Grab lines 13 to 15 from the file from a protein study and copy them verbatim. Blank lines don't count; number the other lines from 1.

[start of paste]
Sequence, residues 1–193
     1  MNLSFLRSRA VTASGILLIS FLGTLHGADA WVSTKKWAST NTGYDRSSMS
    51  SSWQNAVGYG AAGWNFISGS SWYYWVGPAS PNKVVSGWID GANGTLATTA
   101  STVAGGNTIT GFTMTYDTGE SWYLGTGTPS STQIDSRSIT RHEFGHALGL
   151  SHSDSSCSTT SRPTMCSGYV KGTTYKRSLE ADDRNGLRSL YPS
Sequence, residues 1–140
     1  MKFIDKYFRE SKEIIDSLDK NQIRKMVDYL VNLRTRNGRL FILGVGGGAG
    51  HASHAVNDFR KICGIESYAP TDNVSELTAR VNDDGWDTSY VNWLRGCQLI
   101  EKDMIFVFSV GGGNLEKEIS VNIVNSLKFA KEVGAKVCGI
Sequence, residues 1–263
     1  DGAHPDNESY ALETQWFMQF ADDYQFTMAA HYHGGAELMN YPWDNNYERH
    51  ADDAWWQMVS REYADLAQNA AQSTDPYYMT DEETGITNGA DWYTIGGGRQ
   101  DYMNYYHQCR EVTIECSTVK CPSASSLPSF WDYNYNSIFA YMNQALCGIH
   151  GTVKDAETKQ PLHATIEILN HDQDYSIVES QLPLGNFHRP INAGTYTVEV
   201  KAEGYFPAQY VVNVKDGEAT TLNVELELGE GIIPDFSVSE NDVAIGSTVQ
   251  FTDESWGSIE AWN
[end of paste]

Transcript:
   101  DYMNYYHQCR EVTIECSTVK CPSASSLPSF WDYNYNSIFA YMNQALCGIH
   151  GTVKDAETKQ PLHATIEILN HDQDYSIVES QLPLGNFHRP INAGTYTVEV
   201  KAEGYFPAQY VVNVKDGEAT TLNVELELGE GIIPDFSVSE NDVAIGSTVQ